So for me it was as simple as removing those plugs and using an electrically insulating thread locker to put a brass elbow and reducer to 1/2" in there, followed by Parker fuel valves, 3/8" hose barbs and fuel hose that connects to my "transfer manifold" as shown in the diagram. That transfer manifold has a valve on each connection and one of the connections is the actual drain valve.

Between the fuel in the tank and it coming from that drain, there are three valves of which at least two are normally closed.

I need to look through the fuel deck fill to check the inside of the tanks. If suspicious, I need to remove deck plates and tank level sensors to get a better look. I had a little sludge when I bought Jedi. After the first time I drained the sump and polished my fuel, the bottom looked shiny again. Note that corrosion is the culprit here, not a little dirt.

My fuel polishing uses the tap in the sump to draw fuel from and the regular fuel return lines to put it back. It works perfectly.

Here is my old blog post about it: A new fuel system for Jedi (English) - s/v Jedi
OMG it is from 10 years ago already!
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Old 07-04-2016, 09:36   #74
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Re: How Do You Dip Your Tanks?

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Originally Posted by stone beach View Post
if you have a sump, there is no difference between seeing what you get out of a drain cock and seeing what you pull up through a sampling tube, apart from the ease of taking the sample. in both cases you just look at it through a glass container.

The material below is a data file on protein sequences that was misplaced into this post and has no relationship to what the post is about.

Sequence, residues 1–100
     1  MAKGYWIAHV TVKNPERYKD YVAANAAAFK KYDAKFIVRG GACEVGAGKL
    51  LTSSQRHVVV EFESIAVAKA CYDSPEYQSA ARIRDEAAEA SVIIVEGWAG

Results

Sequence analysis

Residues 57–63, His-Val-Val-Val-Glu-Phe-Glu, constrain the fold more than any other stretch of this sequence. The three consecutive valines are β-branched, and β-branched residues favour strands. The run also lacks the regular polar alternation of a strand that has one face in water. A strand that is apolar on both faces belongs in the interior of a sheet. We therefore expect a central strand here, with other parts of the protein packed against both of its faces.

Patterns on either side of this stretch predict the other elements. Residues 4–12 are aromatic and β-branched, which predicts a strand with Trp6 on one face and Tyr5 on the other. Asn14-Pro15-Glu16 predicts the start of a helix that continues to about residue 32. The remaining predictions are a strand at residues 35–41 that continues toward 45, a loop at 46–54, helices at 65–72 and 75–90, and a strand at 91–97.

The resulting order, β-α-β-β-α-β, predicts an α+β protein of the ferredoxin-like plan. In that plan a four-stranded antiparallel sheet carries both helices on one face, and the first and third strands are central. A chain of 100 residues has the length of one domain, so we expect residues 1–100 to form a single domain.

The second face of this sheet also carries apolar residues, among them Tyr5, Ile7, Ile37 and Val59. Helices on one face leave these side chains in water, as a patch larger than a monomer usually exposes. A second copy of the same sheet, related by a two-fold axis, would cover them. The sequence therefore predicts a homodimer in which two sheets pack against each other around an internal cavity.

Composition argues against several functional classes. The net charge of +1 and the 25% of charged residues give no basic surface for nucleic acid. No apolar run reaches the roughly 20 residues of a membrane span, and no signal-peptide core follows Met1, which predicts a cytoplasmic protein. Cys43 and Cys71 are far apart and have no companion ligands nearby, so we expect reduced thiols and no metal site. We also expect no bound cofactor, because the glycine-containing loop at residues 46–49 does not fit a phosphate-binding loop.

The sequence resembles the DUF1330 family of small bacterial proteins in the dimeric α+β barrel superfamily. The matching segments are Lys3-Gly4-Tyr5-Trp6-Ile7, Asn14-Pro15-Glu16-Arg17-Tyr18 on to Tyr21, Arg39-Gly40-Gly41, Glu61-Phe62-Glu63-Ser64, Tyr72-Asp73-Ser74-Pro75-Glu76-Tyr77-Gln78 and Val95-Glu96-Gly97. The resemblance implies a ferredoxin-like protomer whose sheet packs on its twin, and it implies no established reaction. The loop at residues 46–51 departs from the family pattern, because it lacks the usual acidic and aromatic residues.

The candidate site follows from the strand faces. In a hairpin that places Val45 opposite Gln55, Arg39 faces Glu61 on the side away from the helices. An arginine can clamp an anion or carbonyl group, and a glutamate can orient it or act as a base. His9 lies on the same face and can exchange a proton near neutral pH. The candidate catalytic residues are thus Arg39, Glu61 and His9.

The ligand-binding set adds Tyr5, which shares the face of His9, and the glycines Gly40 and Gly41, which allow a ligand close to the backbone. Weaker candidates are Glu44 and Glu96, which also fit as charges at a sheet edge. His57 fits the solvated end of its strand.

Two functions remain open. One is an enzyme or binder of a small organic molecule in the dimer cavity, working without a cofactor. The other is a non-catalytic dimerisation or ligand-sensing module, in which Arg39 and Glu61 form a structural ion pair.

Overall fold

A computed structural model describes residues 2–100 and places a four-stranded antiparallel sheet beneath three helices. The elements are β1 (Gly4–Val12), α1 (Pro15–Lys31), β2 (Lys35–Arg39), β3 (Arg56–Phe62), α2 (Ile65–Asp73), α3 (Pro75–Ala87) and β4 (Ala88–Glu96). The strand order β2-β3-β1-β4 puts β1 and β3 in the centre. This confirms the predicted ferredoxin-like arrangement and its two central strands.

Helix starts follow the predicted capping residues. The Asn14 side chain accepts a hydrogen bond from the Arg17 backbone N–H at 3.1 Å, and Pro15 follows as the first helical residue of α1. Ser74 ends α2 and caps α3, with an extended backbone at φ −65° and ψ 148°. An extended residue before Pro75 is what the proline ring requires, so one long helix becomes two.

you have already got a good enough method with the squeeze bulb and the dip tube, i'm struggling to understand why you would want more than this ???
regarding polishing...i don't see that polishing is the answer to all....but I don't see that it hurts??....i don't think it can ever clean up a dirty tank, tried it, didn't work on my tank but it must help maintain fuel quality in a clean tank?? i think there are two different issues here, dirty tank and dirty fuel. with my particular engines with a high return rate the entire tank volume flows though in just a few hours, the fuel is relatively clean but it hasn't cleaned my tank.
i don't know if there is a rule against having a metal drain cock with a latching type handle permanently installed in the bottom of the tank sump to facilitate easy sampling, certainly it is normal on ships, to facilitate manufacturing it is usually actually fitted in the side of the tank a little above the bottom with a tube on the inside which extends to the bottom. there is no added fire risk with this arrangement, though there obviously is with a fuel hose fitted in this manner. I always assumed boat tanks were plumbed from the top because of a wish to use hoses??
I understand the way you look at things, but here is what is different from my pov: fuel polishing using fixed installations like some of us recommend here, are not for fixing problems with dirty tanks... they are for preventing that situation.

To start clean I suggest shock treatment with enzyme based Startron. Follow it up with a couple gallons of clean fuel to mix it through, then run the engine, genset, heater and every other fuel consumer so that the product gets everywhere and give it a couple days. In the filter bowls you will see the color changing, as well as inside the tank. Then circulate it some more, then burn it in the engine. The enzymes brake the dirt, bacteria and water water down and suspend it in the fuel so that it will pass the filters and burn in the engine.